My last post was all about improving engagement using a simple and intuitive visual to share key information quickly and without extra clicks. Have a look here if you haven't already.

In the second part of the series on building effective UI in Power Apps, I'll zoom out a little and focus on 5 simple guidelines to use in your Power App build.

Today, the focus is on the goal of let your UI 'Breath'. That's a phrase you'll hear time and again in the design world but it's surprisingly easy to implement. I'm cutting this topic up into 5 minute reads so watch out for the next post in the "5 in 5" series! 

In the example Power App below, the layout isn't terrible but there are some subtle changes to make so the users eye is presented with less information to digest before they take an action.

Step 1 - Remove unnecessary Information

In the app above, the footer contains version information. In the context of a power app, that doesn't really provide a lot of value to the user. Why take up the precious vertical space ? For a power app, usually you have promoted and published a version in your production environment. That means as a citizen developer, you have ultimate control over what's out there in the wild. 

Power Apps are unlike other apps where people actually downloaded to their mobile device. They are served centrally from your tenant so there really shouldn't be multiple versions in use at any one time.

See the change we made, it's small but as you will see, these small changes accumulate when we do a side by side at the end. 

Step 2 - Size Is Important!

There are guides out there for items like icons and buttons. In the case of minimum touchable areas for mobile devices, I'd recommend not going too large but not going below 40-48 pixels for touchable area. Apple or Android (and others will have their own specific recommendations but generally, I like to aim for around the mid to high 40's depending on my needs.

Here's how it improves my header by adjusting the height and width properties for the icons to 48 pixels.

Step 3 - Give Focus To the Primary Action

It might seem counterintuitive for the mission of letting the UI breath that we are actually going to take up more space with a button rather than less. However the aim is to give the primary action the space and prominence it needs and therefore help the user of the Power App get there quickly. 

Simplifying the footer, giving much more of the bottom space to the submit action, we are sending a signal to the user that this is the main action in that area.

The back button is valuable but the main thing we want to focus people on is a Submit Icon. People expect this when they are on this screen so we are giving it to them clearly and with focus.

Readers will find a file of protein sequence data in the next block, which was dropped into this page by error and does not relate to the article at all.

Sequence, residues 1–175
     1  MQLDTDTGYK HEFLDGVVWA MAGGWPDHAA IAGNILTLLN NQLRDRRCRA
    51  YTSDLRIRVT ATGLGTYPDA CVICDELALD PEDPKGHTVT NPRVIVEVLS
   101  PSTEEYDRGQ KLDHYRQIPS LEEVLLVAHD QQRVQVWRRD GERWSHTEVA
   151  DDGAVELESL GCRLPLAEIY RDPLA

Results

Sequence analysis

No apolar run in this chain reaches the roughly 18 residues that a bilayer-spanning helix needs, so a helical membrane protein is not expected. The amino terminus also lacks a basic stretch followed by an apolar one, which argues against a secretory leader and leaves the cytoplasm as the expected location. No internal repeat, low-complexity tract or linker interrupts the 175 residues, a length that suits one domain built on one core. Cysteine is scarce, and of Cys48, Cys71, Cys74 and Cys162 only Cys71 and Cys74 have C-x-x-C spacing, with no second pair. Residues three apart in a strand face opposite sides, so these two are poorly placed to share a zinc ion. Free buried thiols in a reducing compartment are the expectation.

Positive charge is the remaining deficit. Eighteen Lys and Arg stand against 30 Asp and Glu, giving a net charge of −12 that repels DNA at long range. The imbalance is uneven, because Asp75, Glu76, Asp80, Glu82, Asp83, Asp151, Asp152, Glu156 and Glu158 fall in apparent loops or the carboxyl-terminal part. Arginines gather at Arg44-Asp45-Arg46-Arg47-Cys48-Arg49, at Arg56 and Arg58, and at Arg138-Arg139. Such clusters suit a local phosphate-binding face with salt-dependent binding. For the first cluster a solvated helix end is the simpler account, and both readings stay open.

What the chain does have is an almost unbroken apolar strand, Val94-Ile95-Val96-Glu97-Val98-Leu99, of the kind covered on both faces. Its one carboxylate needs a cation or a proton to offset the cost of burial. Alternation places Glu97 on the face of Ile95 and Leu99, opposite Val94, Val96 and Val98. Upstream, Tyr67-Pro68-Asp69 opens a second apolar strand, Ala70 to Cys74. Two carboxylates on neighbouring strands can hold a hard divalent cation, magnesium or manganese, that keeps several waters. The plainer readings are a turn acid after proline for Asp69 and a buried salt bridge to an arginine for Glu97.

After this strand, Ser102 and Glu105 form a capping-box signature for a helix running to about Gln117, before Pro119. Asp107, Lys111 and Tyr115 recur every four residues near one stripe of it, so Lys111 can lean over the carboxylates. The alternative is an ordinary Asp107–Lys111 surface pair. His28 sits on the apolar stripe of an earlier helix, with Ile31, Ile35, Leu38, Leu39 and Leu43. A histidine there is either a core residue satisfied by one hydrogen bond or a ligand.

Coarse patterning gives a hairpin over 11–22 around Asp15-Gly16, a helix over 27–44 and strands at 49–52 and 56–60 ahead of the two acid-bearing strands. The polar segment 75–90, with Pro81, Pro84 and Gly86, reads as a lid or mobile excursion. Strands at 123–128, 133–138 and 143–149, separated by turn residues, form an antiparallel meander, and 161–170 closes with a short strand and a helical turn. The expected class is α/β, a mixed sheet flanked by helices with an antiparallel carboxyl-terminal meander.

focus on the action

Step 4 - Let the Icons Do the Talking

We are all so used to using mobile devices and apps now that we have an element of muscle memory for icons and common actions. That fact can be exploited when you are designing an app. You no longer need to explain what all your buttons or icons do because people are just so used to them now. 

That means you can save space where you have an icon and text so long as the icon speaks to the action you intend e.g don't use an X if you want someone to save. 

For our app, we took away some unnecessary text because we know that people expect some sort of calendar or event view when they see the icon we used. Look how much space it frees up and how much simpler it feels. 

let icons talk
Use the icon

Step 5 - Remove unnecessary Chrome (borders and scrollbars)

We don't really need extra UI 'chrome', such as the border around most of our items and removing it cleans up the visual and allows the eye to focus much more easily on the areas you want it to. It's good to have the border between scrollable items sometimes but even that can sometimes benefit it removed. 

In our Social app, we set all our BorderThickness properties to 0 for simplicity. We like the effect it had so kept all our galleries like this. 

What's the Overall Impact?

Taking in all the changes we have made now

The Original UI


let the UI breath
I hope you agree, its just that bit better for very little effort. Inside around 5 minutes I had achieved some refinements that I'll build on in the next post in this series. 

I'd love to hear any ideas you have around UI and look forward to any comments or feedback. Cheers for now. 

About the author 

Jon Manderville

Jon is a Power Platform consultant and advocate of Agile delivery approaches. He's a qualified Scrum Master with years of experience but more recently has found joy in the engineering and art form of creating solutions using the Power Platform.